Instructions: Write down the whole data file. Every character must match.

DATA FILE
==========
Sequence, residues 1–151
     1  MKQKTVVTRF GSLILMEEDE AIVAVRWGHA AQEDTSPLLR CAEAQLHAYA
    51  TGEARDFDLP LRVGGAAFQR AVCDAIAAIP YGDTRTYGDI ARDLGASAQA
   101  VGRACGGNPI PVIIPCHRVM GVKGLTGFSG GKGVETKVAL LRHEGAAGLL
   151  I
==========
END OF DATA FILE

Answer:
Sequence, residues 1–151
     1  MKQKTVVTRF GSLILMEEDE AIVAVRWGHA AQEDTSPLLR CAEAQLHAYA
    51  TGEARDFDLP LRVGGAAFQR AVCDAIAAIP YGDTRTYGDI ARDLGASAQA
   101  VGRACGGNPI PVIIPCHRVM GVKGLTGFSG GKGVETKVAL LRHEGAAGLL
   151  I